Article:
Yehuda Wengrofsky
Yehuda Wengrofsky

Ross ‘The Boss’ tells American Jews to get tough

Before the covid crisis, there was a vast increase in hate-crimes against American Jews, which, if set against a broader landscape of growing demonization in American politics and outright persecution in academia, makes me wonder what its Jewish community can expect after the immediate joys of releasing society from house arrest.  If attacks resume, will the (now underfunded and undermined) police be able or willing to help?  At what point will the media take note and how might they frame the action?  How much more late and ineffectual will Jewish civil rights organizations be this time?  What can we do now?

For some perspective and advice for the American Jewish community at this tender moment, I consulted with Ross “The Boss” Friedman, lead guitarist of The Dictators, the legendary punk rock pioneers, whose origins date back to New York City’s violent days in the early 1970s.  Unlike other acts from that time and place — Blondie, The Ramones, Talking Heads, etc. — The Dictators were entirely Jewish, working-class, and native sons of The Bronx.  Ross has since gone on to also sling guitars for Shakin’ Street (with Fabienne Shine), Manowar, Deathdealer, the Heavy Metal All-Stars, The Ross the Boss Band, and he’s come full circle as the nucleus of the latest manifestation of The Dictators.  Oh, and in case you are wondering, Ross’s “Boss” nickname pre-dated Bruce Springsteen’s adaptation of a similar moniker.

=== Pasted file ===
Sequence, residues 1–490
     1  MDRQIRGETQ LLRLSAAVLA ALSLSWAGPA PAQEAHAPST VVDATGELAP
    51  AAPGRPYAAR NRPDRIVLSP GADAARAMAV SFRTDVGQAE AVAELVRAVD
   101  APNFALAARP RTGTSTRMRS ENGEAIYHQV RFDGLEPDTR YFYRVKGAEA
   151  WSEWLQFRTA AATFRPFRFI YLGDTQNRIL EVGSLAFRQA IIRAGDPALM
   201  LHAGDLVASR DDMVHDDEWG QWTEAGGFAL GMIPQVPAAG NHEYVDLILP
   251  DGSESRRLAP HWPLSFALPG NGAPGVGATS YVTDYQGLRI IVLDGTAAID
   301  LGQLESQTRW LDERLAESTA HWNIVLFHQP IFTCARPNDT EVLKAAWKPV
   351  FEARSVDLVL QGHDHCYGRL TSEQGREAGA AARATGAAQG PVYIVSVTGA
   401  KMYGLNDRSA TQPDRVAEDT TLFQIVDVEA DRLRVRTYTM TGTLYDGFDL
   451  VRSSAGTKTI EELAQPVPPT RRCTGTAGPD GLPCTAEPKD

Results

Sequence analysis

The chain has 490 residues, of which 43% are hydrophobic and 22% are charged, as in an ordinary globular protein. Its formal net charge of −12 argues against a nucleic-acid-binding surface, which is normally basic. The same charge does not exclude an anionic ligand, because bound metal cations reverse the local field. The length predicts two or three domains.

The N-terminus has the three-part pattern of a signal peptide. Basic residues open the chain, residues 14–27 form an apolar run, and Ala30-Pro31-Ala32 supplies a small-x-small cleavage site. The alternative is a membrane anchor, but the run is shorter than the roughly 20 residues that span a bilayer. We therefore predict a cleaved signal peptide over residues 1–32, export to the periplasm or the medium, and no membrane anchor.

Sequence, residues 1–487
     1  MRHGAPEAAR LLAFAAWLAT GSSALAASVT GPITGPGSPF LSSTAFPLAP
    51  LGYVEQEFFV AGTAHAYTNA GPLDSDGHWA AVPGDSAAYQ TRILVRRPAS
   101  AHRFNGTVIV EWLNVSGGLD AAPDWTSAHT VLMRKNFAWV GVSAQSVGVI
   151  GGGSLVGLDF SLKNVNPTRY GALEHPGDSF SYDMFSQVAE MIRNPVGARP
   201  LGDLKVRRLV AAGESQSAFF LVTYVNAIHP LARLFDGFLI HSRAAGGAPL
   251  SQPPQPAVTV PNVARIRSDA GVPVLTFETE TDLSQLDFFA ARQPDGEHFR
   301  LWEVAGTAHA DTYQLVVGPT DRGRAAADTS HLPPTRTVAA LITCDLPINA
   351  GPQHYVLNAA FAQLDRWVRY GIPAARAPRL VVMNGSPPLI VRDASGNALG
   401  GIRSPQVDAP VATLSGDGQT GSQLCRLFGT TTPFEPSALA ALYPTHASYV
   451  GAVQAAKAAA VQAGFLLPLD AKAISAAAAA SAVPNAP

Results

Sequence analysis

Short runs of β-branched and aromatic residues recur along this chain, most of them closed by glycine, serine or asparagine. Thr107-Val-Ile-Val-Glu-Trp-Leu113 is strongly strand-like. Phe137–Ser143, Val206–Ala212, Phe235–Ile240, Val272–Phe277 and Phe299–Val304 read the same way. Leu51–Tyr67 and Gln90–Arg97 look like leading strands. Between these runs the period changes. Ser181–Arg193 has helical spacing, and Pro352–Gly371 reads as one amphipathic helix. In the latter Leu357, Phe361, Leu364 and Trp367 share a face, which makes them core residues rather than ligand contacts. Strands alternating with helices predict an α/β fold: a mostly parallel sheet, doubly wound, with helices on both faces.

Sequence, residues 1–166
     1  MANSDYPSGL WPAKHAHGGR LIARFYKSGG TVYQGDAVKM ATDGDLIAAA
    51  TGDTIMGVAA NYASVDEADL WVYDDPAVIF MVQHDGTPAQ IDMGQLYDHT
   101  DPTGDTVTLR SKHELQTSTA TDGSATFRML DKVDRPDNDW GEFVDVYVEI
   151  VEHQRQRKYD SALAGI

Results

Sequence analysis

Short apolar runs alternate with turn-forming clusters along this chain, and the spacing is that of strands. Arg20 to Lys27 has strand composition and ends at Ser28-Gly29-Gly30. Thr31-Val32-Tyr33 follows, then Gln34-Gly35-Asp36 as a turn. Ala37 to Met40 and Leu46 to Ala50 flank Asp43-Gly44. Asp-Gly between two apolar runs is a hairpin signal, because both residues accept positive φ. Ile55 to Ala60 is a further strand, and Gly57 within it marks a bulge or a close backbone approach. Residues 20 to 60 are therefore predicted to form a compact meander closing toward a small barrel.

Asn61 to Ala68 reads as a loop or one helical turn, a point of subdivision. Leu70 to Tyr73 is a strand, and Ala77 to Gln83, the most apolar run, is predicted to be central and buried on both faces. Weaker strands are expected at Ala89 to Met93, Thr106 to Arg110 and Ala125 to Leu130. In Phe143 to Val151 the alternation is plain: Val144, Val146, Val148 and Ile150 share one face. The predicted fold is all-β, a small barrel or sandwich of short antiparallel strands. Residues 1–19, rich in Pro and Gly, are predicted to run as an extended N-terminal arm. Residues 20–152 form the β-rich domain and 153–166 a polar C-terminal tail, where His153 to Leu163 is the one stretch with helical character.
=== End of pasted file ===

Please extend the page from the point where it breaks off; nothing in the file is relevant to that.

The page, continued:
In a galaxy awash with slick guitar heroes surfing the latest musical trend, Ross’s playing was punk before punk and metal before metal.  And like Eddie Van Halen and Ritchie Blackmore, his musical architecture is rooted in European classicism.  Each guitar solo has a narrative arc that builds and releases tension, with each note — regardless how fast — fully articulated with the precision of a European tailor.

Can you tell us about your Jewish heritage?

Ross “The Boss” Friedman: My father’s side came from the Austro-Hungarian empire in, like, 1908.  My father’s family who stayed in Europe were destroyed in concentration camps. As a kid, the reality of the Holocaust hit me. As a refugee from Europe, grandpa decided that the family would speak English, not Hungarian, so I never learned any Hungarian – not even a little bit.

Grandpa was a tough, little guy.  When he first came to America, he became a boxer, like a lot of those guys. Then he became a tailor and settled down on the Grand Concourse in The Bronx.  In fact, he was such a famous tailor that he was hired by Jimmy Walker, then mayor of New York, who was well-known for flamboyant suits. The two were so close my dad was named John Walker Friedman and Jimmy Walker came to his bar mitzvah, which was a big deal.

I was born on Gun Hill Road in the North Bronx by the 4 Train, which goes to Yankee Stadium, then moved to Sedgwick Avenue, and I went to Clinton High School.

I went to Hebrew School at the Jacob Schiff Center on Valentine Avenue in the Bronx for four years leading up to my bar mitzvah. I can remember my Haftorah in Hebrew if I look at it long enough. Whenever I hear Hebrew, like on Passover, I can understand it.

Did you face much hostility to Jews as a child?

Ross “The Boss” Friedman: Where I grew up, there was always a bunch of Irish kids that were always freaking screaming anti-Jewish stuff at us, whatever their families taught them. I always, always, had problems with them, especially on Halloween. “New York Jew” is a title for people who grew up in the City, on the streets and school yards, where you’ve got to be a fighter – as much or more now as back then. It’s a different way of growing up.

How did you get your musical education?